Cook Smarts to bring food education back to our families through the web.

July 13, 2013


Jess Dang

What’s Cook Smarts and how does it work?

Cook Smarts creates digital content and services that inspires, educates, and empowers the home cooks. We just launched a weekly meal plan subscription service to help home cooks get dinner on the table in a stress free way. Subscribers get a simple meal plan every week with a menu that can be fit for their diet needs (paleo, gluten-free, and vegetarian), a customized grocery list, and dinners steps that are full of cooking tips and how-to videos to help every home cook become smarter and more confident in the kitchen.

What’s the social implication of Cooksmarts?

I started Cook Smarts because I wanted to bring food education back to schools and family dinners back into our homes. I really believe that more confidence in the kitchen can help make our families happier, reduce healthcare costs for our businesses, and of course, create a healthier world.

How did you come up with the idea?

When I started Cook Smarts a year and a half ago, I honestly didn’t know what the product was going to be. I just wanted to create something that was going to focus on education in the kitchen and help people cook more. I started by giving in-home cooking lessons and teaching cooking at a local high school to teenage moms as my market research. This experience really allowed me to understand and empathize with the challenges of my future customer. Once I understood that every home cook I met with was short on time, knowledge, and confidence, meal planning seemed like an obvious product.

I could help them save time by creating a holistic menu for them that would efficiently use up their groceries and make efficient use of their time. Since most home cooks have never really learned to cook, our meal plans are include links to our short how-to videos that help build a solid cooking foundation. Lastly, we make our recipes pretty foolproof and doable for anyone on a weeknight to help them discover their inner cook.

Who’s behind the startup?

Just me. I’m Jess Dang, 31, and this is my first start-up. I do all of the recipe development, food photography, video shooting and editing, and front end work for the site. I love eating, cooking, education, and problem-solving, so I’ve just created my dream job as the founder of Cook Smarts. I’m based out of my home in Mountain View. Before starting Cook Smarts, I spent 7 years in strategy and finance. My last role was at Visa where I worked on expanding financial access to the poor in emerging markets.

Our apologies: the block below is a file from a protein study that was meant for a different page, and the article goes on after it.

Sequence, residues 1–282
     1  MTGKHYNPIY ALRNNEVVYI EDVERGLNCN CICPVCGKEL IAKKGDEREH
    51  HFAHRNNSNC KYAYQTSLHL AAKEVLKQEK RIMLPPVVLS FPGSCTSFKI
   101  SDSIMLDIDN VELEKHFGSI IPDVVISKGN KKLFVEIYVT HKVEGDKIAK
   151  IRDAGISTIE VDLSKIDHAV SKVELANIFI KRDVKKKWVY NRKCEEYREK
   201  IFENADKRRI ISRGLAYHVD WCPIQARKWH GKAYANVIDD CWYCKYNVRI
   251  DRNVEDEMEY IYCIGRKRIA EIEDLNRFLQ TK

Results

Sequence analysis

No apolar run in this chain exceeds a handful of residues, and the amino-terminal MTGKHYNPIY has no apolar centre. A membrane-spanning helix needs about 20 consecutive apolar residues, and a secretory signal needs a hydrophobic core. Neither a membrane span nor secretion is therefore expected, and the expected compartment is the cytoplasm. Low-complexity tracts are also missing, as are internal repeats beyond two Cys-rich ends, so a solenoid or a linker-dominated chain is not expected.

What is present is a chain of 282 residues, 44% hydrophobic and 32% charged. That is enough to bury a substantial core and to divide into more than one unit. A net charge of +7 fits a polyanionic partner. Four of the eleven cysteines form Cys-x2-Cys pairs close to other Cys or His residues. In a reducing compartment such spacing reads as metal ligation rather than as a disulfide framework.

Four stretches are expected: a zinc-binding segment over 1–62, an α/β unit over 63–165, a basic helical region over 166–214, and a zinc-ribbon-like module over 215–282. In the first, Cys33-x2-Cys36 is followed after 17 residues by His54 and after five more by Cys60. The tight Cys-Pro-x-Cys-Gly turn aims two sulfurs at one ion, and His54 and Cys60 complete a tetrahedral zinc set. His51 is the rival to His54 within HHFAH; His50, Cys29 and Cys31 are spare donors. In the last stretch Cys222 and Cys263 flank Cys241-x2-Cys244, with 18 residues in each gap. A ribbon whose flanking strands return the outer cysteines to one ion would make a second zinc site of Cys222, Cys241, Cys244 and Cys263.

How did you guys find/meet each other?

While I don’t have a co-founder, I want to give a huge shout out to the backend developer I worked with to create our meal planning web-app. I spent several months last year looking for a technical co-founder and met with lots of twenty-something males who felt my product wasn’t “sexy” enough for them to work on. Eventually I gave up on that route and decided that I myself was going to have to learn to code to make this product a reality. Instead, I met Jen Gilbert at a Railsbridge workshop. She was another thirty-something female making a career change from editing to coding. She built my web-app one Saturday at a time over 3 months while I taught myself web design, HTML, and CSS through to create the front end. We launched our product on time (May 1st) with more features than we expected.

Why did you decide to go down the startup-route instead of getting a (or keeping your) 9-5 job, perhaps in a large corporate?

Weston McBride recently wrote a blog entry that captures the reason I traded my pretty-awesome corporate job for start-up life, so I’m just going to quote him, “You should start a company if you can’t sleep at night because there’s a problem you can’t stop think about. You should start a company if you’ve literally been brought to tears by talking to your customers.” That’s exactly how I felt when I started Cook Smarts. I had one of the most interesting jobs at Visa but I still spent my nights tossing and turning over how I could help solve America’s health crisis.

Are you guys angel funded or VC backed already? If not, are you looking to raise money and what expertise would you require from an investor?

I haven’t taken any funding yet, but I am considering fundraising next year. I’d love to learn from an investor that cares about health and education who also has experience with growing a media brand

What piece of advice would you give to 9-5ers who are dreaming to startup their own web venture?

First, you don’t need to wait for all the stars to align to get started. Figure out what you can make on your own without much financial investment to test out your idea. I started the meal plans as a PDF document that was distributed via a newsletter. It was something I could build, and it gave me a lot of insight into what the web-app should include.

Second, be so, so passionate about the problem you’re trying to solve. I never imagined that it would be this hard to get a product off the ground that I can’t imagine doing this if I didn’t feel completely invested in my customer and their problem.


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Daniel Rongo


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